*Bill James projections not available; Fan projections used

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Howard Bender has been covering fantasy sports for over 10 years on a variety of websites. In addition to his work here, you can also find him at his site,, Fantasy Alarm, RotoWire and Mock Draft Central. Follow him on Twitter at @rotobuzzguy or for more direct questions or comments, email him at

11 Responses to “My RotoGraphs Mock Team — Slow Draft Style”

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  1. Sean-O says:

    Pretty solid team. Your OF is a little suspect but generally tons of free agents are available through the season.

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    • Howard Bender says:

      Agreed. Probably could have gone with a stronger outfielder over maybe Haren. Or even Moustakas since I was able to grab Seager so much later.

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  2. David Wiers says:

    Aw man. You broke down your team in a much prettier fashion than I did.

    Your Rosario pick was an absolute steal. I really like your Quentin pick too, as well as Seager.

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  3. Stuck in a slump says:

    You could probably pencil in about 8 more HR’s out of Gomez by projecting him out to a full season of AB’s, which James did not. Not sure why you drafted Stubbs right before Gomez though, they’re very similar players, but Gomez appears to have more upside right now, and with Bourn, Reyes, and Kipnis on your team, you already had speed locked up, with Hunter Pence going at 150, drafting him instead of Stubbs would have made your team look a bit better with 35 more RBI and .030 more AVG than Stubbs at the cost of 26 SB’s and 5 R’s.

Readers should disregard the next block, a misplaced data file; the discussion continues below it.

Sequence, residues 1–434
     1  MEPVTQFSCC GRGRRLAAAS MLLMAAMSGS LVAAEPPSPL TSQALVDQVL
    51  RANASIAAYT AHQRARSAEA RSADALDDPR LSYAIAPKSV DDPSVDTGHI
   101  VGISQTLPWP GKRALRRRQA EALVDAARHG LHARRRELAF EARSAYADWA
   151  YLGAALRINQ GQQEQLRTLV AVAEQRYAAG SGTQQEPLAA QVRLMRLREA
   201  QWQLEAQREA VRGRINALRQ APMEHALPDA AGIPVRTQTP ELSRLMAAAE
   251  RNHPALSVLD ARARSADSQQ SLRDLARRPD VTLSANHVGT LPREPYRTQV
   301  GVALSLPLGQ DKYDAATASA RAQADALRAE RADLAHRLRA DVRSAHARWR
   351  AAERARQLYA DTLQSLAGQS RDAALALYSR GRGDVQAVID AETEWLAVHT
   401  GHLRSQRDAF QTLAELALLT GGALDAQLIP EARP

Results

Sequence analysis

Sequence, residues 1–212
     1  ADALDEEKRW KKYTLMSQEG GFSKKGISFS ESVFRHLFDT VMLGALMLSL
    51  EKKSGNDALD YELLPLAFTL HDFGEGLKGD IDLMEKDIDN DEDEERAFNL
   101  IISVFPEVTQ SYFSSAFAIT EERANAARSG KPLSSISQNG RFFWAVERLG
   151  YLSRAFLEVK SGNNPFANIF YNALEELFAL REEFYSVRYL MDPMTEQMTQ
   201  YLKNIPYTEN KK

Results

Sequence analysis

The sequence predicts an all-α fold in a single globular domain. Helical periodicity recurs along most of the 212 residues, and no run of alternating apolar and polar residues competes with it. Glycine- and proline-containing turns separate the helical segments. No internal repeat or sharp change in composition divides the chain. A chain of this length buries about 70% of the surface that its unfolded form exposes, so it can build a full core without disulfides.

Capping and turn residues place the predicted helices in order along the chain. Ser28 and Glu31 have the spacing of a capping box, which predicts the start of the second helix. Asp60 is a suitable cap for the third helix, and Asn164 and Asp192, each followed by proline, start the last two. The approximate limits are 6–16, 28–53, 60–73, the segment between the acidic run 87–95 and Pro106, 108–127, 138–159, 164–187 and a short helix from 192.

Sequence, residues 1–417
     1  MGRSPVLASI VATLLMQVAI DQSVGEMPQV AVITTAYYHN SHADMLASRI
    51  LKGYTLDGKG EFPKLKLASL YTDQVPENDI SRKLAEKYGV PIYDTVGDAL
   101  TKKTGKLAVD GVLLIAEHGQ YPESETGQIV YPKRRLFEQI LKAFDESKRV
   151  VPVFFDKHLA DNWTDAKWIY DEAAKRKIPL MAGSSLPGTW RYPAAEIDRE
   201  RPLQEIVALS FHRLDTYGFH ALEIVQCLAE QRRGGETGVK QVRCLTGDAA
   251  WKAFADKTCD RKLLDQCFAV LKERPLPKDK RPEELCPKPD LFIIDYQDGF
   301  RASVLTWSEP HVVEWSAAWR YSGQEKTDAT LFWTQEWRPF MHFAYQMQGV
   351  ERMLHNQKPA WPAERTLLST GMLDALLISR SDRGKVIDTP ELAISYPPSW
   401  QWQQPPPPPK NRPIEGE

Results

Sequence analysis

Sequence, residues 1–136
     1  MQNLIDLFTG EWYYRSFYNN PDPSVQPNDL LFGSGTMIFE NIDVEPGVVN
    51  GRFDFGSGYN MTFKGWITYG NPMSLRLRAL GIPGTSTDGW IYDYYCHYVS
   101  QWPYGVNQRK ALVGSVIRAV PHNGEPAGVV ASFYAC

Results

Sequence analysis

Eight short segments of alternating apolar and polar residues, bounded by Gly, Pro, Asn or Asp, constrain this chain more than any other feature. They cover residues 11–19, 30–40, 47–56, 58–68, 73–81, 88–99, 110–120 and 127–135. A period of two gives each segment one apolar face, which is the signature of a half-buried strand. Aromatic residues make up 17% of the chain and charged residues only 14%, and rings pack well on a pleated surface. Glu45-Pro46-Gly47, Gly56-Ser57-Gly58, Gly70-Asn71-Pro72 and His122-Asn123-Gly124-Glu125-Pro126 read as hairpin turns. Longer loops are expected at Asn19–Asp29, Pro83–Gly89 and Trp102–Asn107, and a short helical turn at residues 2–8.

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    • Howard Bender says:

      I’ll admit it. When it comes to fantasy baseball, I’m a speed whore. Love drafting it and I love shopping it around a league. With all the players you mentioned, I would be shopping atleast two of them, most likely starting with Gomez who has been hyped up plenty and could probably fetch me a pretty big early return. And while I’m doing the shopping, I’m more than happy to jump out to a fairly quick lead int he category.

      Actually did not even consider Pence. Though he’s been consistent in his overall production in his career, his second half performance in AT&T Park last year was atrocious and I don’t really trust him for an entire season out in San Francisco. Spending a career calling Minute Maid and Citizens’ Bank Park home is one thing….